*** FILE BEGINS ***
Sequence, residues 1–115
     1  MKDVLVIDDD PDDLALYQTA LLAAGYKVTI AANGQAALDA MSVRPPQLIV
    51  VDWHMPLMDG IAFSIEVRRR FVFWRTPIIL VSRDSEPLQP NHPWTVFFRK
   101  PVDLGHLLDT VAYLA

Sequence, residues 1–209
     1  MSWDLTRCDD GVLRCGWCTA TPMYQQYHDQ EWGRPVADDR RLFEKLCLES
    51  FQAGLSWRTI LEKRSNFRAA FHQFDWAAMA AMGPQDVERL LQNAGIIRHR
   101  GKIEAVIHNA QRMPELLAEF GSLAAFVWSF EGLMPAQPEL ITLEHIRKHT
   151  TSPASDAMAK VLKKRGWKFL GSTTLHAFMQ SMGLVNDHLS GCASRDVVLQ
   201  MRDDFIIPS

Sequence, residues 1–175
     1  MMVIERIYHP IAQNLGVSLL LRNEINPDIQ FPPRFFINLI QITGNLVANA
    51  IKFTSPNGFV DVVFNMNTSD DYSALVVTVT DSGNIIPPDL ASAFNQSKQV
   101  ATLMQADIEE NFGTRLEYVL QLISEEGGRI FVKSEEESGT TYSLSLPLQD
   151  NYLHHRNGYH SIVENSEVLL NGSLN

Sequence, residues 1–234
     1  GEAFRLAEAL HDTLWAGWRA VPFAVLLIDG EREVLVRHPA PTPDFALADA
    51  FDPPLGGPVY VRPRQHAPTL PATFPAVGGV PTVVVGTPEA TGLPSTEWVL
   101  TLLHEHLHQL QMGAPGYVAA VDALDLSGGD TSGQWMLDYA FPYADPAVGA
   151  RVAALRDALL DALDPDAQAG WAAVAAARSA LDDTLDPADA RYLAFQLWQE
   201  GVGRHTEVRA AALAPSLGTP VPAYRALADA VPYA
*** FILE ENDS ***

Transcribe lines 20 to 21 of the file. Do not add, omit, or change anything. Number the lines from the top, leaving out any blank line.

   151  RVAALRDALL DALDPDAQAG WAAVAAARSA LDDTLDPADA RYLAFQLWQE
   201  GVGRHTEVRA AALAPSLGTP VPAYRALADA VPYA